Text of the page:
First regional partner

Mackenzie Glass acquired Pilkington Bristol from NSG on December 1, 2017. Glass Times editor Nathan Bushell met the managing directors of both firms, and Cornwall Glass and Glazing, to discuss the route to partnership.

The acquisition of Pilkington Bristol by Mackenzie Glass at the end of last year wasn’t a straightforward deal for either party, especially since the merchanting business wasn’t up for sale.

However, as both companies progressed through talks, it became clear that there were benefits to be had, even creating a possible model for future relationships.

Mark Mitchell, chairman of Cornwall Glass, said the company would consider similar relationships with other businesses across the UK.

“We need to make sure the Bristol site works, but we are an acquisitive company, and we always promote synergies within the group,” he said.

Mackenzie Glass is owned by Cornwall Glass and Glazing but, for the purposes of the relationship with Pilkington UK, the parent company has stayed (and will continue to stay) firmly in the background.

To illustrate this point, Mackenzie Glass’s joint managing director Matt Prowse – who is a born and bred Cornwall Glass employee – no longer sits on the board, and runs the business as a separate entity.

In addition to the purchase of stock and the 37,000ft2 purpose-built site on the southern side of the city, the deal included the transfer of 46 members of staff.

“Mackenzie Glass is independently operated and its own profit and loss centre,” Matt said. “There are clearly shared links between Mackenzie Glass and Cornwall Glass in that Mark Herbert and myself were both directors at Cornwall Glass but we see this as a real asset to our customers going forward. We share the same experiences and we know what’s important in float glass supply.”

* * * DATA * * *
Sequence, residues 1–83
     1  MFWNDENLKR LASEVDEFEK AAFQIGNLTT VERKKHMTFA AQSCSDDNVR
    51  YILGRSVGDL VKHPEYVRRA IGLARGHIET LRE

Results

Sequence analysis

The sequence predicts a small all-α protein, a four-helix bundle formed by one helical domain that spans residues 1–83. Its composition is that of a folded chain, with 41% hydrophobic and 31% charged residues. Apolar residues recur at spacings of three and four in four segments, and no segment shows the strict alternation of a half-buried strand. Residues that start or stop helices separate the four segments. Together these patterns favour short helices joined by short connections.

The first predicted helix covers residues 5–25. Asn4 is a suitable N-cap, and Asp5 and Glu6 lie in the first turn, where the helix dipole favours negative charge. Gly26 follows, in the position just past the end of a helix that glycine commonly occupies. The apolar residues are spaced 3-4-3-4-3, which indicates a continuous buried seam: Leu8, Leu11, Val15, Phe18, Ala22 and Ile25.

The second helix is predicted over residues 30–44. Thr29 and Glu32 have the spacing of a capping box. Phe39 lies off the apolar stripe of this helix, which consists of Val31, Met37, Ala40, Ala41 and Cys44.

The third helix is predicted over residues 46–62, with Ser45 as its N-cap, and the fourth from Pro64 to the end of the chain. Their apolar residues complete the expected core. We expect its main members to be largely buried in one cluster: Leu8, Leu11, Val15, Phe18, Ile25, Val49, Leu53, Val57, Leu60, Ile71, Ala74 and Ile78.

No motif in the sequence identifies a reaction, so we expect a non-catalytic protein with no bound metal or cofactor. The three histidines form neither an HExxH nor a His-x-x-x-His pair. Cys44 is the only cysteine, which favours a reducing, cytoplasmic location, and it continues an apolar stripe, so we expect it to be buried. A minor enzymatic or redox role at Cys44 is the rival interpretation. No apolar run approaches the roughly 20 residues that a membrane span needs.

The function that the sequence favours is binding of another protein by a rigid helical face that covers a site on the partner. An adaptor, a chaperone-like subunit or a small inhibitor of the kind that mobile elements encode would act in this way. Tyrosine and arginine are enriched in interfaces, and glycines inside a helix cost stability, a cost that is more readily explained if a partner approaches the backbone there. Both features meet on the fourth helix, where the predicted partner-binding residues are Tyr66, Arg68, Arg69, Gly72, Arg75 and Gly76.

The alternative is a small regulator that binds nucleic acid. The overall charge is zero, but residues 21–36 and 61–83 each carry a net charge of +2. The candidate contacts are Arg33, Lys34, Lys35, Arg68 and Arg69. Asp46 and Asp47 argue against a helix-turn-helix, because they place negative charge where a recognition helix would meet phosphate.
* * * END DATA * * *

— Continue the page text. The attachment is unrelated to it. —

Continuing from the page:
Although an independent glass merchanting business, Mackenzie Glass is also Pilkington’s first regional partner. This gives it a similar status to Pilkington’s own glass merchanting businesses, with access to its full product range and rapid delivery service.

“Pilkington has a great reputation – its products are widely specified and it also has retail brand recognition,” Mark Herbert said.

“It’s at the forefront of glass innovation, with a really exciting range of added value products including Pyrostop, Optiview, OptiMirror, its Activ Range – these are all products which add process, value and opportunities to add margin, throughout the supply chain.

“If, however, one of our customers has a requirement that we can’t meet through Pilkington’s product range, we are free to, and will, supply product from other leading manufacturers.

“That’s something which is significantly different to the way the business was run previously, and which we believe will be a highly beneficial change to those customers who were buying glass from Pilkington Bristol before and who will continue to do so going forward.”

The new Mackenzie Bristol site supplies more than 300 tonnes of glass each month, the lion’s share of which is supplied for IGU manufacture, with Pilkington KS (soft coat) a key staple.

Value-added products and technologies are what Mackenzie Glass sees as delivering greatest growth potential going forward.

“We aren’t making wholesale changes but clearly our service offer is going to be different from before,” Matt said.

Does this relationship signal a new path for Pilkington UK?

“We have no intention to exit our merchanting obligations,” Matt Buckley, managing director of Pilkington UK, said. “However, we would always keep our options open, and in this instance it made sense.

“From a customer’s point of view, the market is changing all the time. They are looking at different routes to market and new applications. Pilkington’s unit of currency is lorries of glass, whereas a merchanting division can deal with customers with different and varied needs.”